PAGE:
Oh friends. We’re living through unimaginable times, aren’t we. Like most of the rest of the world, I’ve been doing my part by staying home, keeping my distance from my neighbors, and cooking.
I’ve been finding a great deal of comfort and solace in paging through cookbooks. I’m reading far too much virus coverage and I can’t focus on novels. Cookbooks offer me the opportunity to take momentary respite and unlike fiction, are meeting me where I am.
I’ve had this stack of books sitting on my coffee table for four months. They are the ones that I think of as being adjacent to my canning practice. While not dedicated to putting food into jars, they all compliment a homemade pantry and are worthy of being on your shelf.
Our local, independent book stores need us now more than ever. If one of these books speak to you, please consider buying from Powell’s, Book Larder, Omnivore Books, Read It and Eat, Now Serving, Kitchen Arts and Letters, or your local that’s still offering shipping or contactless pick-up.
Dirty Food by Julie van Rosendaal – The title of this book is a playful response to the clean food movement and it celebrates all things messy, drippy, and crumbly. The flaky biscuits are amazing with jam. [Julie self-published this book and so it’s best to buy it directly from her.]
Hangover Helper by Lauren Shockey – Who knew how many traditional hangover remedies involve pickles? Also, the warming garlic soup is a pantry friendly dish that is great for these times (I’m making it for lunch later this week). [Powells | IndieBound]
Growing Berries and Fruit Trees by Tara Austen Weaver – The bulk of this book is dedicated to teaching people how to grow fruit in the Pacific Northwest. However, I think that even if you live outside that region, there’s space for this book in your library. The final third of the volume contains a thoughtful collection of recipes (the Everyday Oatmeal Fruit Muffins alone are worth the price of admission). [Powells | IndieBound]
The Food in Jars Kitchen by Marisa McClellan – This is my book (and it turns one on Thursday!). It’s all about making the most of your pantry (homemade or store bought), a topic which seems to be weirdly prescient in light of current events. [Powells | IndieBound]
Family Foraging by David Hamilton – This is such a great book to help teach kids about wild edibles. If you’re looking for ways to keep your kids occupied during this time of isolation and you have a little outdoor space near you, this one could help keep them occupied. [Powells | IndieBound]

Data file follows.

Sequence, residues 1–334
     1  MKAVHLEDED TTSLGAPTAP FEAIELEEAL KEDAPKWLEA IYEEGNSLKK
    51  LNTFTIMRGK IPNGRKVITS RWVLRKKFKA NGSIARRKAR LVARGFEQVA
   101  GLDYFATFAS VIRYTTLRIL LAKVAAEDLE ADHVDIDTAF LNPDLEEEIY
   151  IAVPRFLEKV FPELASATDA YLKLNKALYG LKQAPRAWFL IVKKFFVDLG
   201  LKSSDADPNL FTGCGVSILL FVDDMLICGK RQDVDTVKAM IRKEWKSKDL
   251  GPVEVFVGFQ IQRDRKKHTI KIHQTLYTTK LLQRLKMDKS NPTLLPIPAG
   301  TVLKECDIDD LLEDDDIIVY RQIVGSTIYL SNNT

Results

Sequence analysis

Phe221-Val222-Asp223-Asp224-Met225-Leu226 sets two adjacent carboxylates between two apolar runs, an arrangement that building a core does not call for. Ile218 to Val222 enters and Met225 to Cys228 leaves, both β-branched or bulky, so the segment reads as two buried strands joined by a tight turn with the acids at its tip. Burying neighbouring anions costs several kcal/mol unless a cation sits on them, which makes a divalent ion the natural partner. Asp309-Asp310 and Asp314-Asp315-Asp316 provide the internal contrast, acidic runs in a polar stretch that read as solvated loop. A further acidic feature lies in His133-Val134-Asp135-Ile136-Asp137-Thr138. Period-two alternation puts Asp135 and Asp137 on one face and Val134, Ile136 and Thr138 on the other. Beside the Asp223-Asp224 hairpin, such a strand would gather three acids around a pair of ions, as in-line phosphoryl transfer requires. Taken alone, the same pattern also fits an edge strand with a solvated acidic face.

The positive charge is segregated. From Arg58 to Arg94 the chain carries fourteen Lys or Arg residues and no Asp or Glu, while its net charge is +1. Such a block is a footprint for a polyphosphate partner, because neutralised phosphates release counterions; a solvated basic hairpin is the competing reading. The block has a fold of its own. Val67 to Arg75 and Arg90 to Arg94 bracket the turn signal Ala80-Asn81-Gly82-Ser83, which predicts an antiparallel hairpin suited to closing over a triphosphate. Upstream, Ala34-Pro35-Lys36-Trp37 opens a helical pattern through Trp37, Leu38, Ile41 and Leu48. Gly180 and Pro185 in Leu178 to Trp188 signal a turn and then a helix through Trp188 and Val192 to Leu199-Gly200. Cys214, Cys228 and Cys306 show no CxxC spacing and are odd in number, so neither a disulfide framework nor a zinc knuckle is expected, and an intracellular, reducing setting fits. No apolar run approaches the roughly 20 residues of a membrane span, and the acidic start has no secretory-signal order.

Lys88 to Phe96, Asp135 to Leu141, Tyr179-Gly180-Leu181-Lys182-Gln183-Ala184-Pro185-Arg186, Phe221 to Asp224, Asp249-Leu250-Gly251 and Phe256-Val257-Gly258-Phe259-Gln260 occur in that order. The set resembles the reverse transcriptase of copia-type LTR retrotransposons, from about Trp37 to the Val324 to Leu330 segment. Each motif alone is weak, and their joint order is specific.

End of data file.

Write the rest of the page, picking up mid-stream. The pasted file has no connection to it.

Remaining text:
Fire Cider by Rosemary Gladstar and Friends – This is an entire book devoted to fire cider (a concoction of apple cider vinegar, horseradish, onion, garlic, ginger, hot peppers, and honey), flavored vinegars, and healthful, healing liquids. It’s great. [Powells | IndieBound]
Home Cheese Making by Ricki Carroll – This is a fully updated edition of a beloved cheese making guide. If you’re dealing with the pandemic by making food, perhaps you should take up a cheese making hobby. [Powells | IndieBound]
When Pies Fly by Cathy Barrow – This book embraces anything wrapped in pastry or dough (including a whole chapter dedicated to the knish). In a time when many of us have time on our hands and are in need of comfort food, we should all be cooking from these pages. [Powells | IndieBound]
The Joys of Baking by Samantha Seneviratne – This is a memoir disguised as a cookbook. Whenever I need a break from the reality currently swirling around me, I pick up this book. The recipes are also spectacular. [Powells | IndieBound]
Lavash by Kate Leahy, John Lee, and Ara Zada – This book is a snapshot of Armenian cooking that uses that culture’s bread (that’s the lavash) as it’s centering point. The authors spent a lot of time in the country, gathering the recipes and experiences that fill its pages. It’s a remarkably wonderful book. Whether or not you get a copy, you should also listen to Kate and Ara talk about their experience writing it on the Book Larder podcast. [Powells | IndieBound]
Modern Sourdough by Michelle Eshkeri – This cookbook comes out of Margot Bakery in London. It’s a bit of a stretch volume for me, but there’s a nice chapter of jams and spreads in the back that keep it on my shelf. And for those of you who are currently diving deep into sourdough, it would be a good buy. [IndieBound]
Miso Tempeh Natto by Kirsten K. Shockey and Christopher Shockey – I feel like this is a book I could spend a lifetime exploring and I’d still only scratch the surface of what it has to offer. I can’t wait to dive in. [Powells | IndieBound]
Midwest Made by Shauna Sever – I have never lived in the midwest and it’s not a place where any of my people are from. And yet, I still everything to love in this thoughtful, delectable, downright beautiful book. I think I could be happy baking from these pages for the rest of my days. [Powells | IndieBound]
Heirloom by Sarah Owens – This book a wild, creative ride through preserving, fermentation, naturally leavened baking, and the recipes that use and love the products of those processes. Sarah is a genius and I wish my mind worked like hers does. [Powells | IndieBound]
Thank you for the suggestion. I have been looking for a cheese making book to figure out what I’m doing beyond the occasional mozzarella.